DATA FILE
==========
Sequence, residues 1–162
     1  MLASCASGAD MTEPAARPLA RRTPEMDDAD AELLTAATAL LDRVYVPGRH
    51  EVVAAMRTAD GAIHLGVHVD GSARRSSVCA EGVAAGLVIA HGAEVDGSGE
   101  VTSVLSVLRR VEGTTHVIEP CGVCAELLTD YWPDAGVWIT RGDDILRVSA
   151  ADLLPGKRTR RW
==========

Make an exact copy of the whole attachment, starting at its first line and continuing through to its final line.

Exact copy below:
Sequence, residues 1–162
     1  MLASCASGAD MTEPAARPLA RRTPEMDDAD AELLTAATAL LDRVYVPGRH
    51  EVVAAMRTAD GAIHLGVHVD GSARRSSVCA EGVAAGLVIA HGAEVDGSGE
   101  VTSVLSVLRR VEGTTHVIEP CGVCAELLTD YWPDAGVWIT RGDDILRVSA
   151  ADLLPGKRTR RW